John ZHU
Coal Fuel Cell

UQ Expert's Invention Scores a Clean Coal Coup

by Des Houghton
August 19, 2009

A University of Queensland scientist said yesterday he had successfully tested technology that delivers twice the power from coal while minimising greenhouse gas emissions.

The exciting breakthrough, which could provide a billion-dollar windfall for the state, may revolutionise the way the world uses coal, a university spokesman said.

Professor John Zhu, of the school of chemical engineering, created a series of direct carbon fuel cells (DCFC) in which burning coal generates highly energy-efficient electricity.

''The very high-energy efficiency of the new technology will effectively halve the amount of coal required to create electricity,'' he said.

''When applied, it will provide industry with very significant cost and energy savings, which could then be passed on to the consumer. In addition to saving cost and energy, the direct carbon fuel cells will also provide clean power.''

Dr Zhu, 41, a father of three girls, said he worked in a ''hot and dirty'' steel factory in Hubei provence in central China while studying engineering.

''I have always wanted to do something for a cleaner environment. Now I'm feeling very positive,'' he said.
Dr Zhu, the son of a primary school teacher, said traditional power stations, which burnt coal to heat water to make steam to power turbines, were outmoded. He said his process used a coal and air mix to produce electrons inside special carbon fuel cells.

He said scientists in California were working on a similar process, but he believed he and his team at the university had beaten them to the punch.

He said he expected the fuel cells would enable the byproduct of coal-fired power - the harmful greenhouse gas carbon dioxide - to be trapped and stored easily and safely.

''One of the major challenges for coal-fired power is reducing its impact on the environment by developing ways to separate carbon dioxide from other gases produced in the power generation process, and ensuring it is not released into the atmosphere,'' he said.

''The DCFC produces pure carbon dioxide as a byproduct, making it much easier to manage."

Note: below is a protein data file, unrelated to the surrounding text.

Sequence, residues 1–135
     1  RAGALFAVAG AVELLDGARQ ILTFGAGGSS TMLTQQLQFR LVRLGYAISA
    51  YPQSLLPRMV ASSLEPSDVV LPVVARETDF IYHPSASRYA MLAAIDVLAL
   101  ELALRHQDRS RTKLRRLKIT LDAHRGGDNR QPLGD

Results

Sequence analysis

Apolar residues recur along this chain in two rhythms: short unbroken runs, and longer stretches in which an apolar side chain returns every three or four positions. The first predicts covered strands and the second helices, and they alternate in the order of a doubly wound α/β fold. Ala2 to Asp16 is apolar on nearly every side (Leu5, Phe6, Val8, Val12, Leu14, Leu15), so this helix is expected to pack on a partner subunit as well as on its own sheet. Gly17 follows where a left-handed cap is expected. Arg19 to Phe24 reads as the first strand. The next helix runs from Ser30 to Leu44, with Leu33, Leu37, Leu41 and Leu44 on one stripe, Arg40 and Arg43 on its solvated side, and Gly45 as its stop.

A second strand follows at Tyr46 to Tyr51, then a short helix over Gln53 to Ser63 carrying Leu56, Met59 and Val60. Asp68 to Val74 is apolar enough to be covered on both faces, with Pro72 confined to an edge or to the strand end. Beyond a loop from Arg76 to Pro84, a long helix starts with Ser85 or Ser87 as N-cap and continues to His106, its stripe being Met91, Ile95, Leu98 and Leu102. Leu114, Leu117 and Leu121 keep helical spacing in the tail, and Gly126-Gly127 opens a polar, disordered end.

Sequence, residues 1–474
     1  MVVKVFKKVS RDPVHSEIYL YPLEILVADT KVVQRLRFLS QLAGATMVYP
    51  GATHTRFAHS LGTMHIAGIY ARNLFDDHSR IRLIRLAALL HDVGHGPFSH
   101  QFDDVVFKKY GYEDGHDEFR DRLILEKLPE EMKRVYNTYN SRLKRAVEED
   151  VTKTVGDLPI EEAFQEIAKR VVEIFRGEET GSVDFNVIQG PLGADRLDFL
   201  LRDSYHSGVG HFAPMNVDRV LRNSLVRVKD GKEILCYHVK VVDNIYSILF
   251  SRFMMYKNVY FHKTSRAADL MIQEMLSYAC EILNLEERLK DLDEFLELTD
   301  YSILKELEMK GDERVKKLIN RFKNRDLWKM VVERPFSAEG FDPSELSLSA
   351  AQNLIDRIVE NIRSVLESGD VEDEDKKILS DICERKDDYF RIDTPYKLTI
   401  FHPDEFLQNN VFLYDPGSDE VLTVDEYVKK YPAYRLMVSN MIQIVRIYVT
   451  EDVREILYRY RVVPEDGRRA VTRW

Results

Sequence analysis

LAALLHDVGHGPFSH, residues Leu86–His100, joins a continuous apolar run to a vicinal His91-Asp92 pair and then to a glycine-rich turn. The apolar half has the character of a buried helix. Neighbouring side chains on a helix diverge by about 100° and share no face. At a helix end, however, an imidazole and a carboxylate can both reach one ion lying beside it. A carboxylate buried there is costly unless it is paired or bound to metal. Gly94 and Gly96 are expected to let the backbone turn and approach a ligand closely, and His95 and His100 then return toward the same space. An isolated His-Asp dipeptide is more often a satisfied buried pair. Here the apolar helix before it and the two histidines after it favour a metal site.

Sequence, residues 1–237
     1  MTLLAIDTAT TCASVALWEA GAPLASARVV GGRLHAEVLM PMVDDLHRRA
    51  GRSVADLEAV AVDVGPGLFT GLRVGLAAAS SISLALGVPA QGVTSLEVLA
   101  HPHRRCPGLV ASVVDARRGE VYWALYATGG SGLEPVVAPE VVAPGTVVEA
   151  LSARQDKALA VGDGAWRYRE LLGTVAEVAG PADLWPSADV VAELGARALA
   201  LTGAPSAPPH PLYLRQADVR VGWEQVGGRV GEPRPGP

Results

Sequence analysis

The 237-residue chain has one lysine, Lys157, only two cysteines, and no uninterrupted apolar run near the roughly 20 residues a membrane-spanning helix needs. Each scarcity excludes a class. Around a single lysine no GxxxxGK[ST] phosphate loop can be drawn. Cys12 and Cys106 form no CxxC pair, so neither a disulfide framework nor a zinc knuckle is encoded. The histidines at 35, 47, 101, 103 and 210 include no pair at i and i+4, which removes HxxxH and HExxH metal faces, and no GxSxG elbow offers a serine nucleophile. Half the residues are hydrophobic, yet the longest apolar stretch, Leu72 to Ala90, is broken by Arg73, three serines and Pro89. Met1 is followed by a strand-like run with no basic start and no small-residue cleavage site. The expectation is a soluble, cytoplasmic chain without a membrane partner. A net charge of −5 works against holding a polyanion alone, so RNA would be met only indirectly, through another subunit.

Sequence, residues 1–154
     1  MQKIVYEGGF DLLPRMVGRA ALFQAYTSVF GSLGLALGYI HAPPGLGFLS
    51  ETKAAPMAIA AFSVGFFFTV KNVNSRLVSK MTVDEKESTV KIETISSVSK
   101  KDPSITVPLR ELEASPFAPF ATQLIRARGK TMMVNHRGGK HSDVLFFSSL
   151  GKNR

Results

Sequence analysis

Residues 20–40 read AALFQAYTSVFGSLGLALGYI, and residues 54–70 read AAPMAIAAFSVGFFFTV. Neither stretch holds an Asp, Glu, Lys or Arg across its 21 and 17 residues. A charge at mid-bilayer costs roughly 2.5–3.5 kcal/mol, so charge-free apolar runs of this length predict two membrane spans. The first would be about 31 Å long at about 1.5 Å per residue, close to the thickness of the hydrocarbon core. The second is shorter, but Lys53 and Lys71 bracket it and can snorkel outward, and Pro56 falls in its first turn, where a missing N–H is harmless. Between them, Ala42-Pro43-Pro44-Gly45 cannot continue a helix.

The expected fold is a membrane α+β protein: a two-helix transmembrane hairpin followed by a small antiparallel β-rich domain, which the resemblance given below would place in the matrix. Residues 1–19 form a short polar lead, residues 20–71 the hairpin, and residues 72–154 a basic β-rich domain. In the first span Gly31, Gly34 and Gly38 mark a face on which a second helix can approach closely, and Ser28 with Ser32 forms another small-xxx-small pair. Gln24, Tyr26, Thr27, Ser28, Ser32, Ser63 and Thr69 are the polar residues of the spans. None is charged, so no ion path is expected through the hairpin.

He said the next stage in the development would involve consulting with the energy sector and securing industry and government funding to ''scale up'' the fuel cell technology. This could take 10 years.

Professor Graham Schaffer, dean of the university's Faculty of Engineering, Architecture and Information Technology, said the new fuel cell technology was one of a number of clean energy technologies being developed at the university.

''Partnerships with industry and government have enabled our researchers to make significant progress towards these new technologies,'' he said.

John Zhu


Direct carbon fuel battery 

Abstract -- The invention relates to a direct carbon fuel cell, which provides a direct carbon fuel cell directly taking carbon or carbon composite as the anode, and metal oxide as the cathode, single or double phase low medium temperature ceria composite as the electrolyte. The direct carbon fuel cell is power molding button cell with electrolyte in the middle and the anode and cathode separately on each side. The pressed sheets of anode and cathode are one to two mm thick. The invention can get the best performance about 0.25 watts per square centimeter under the temperature of 600 to 650 degrees centigrade, which is two times above the performance of such fuel cell according to a report from USA and has reached the international leading level.

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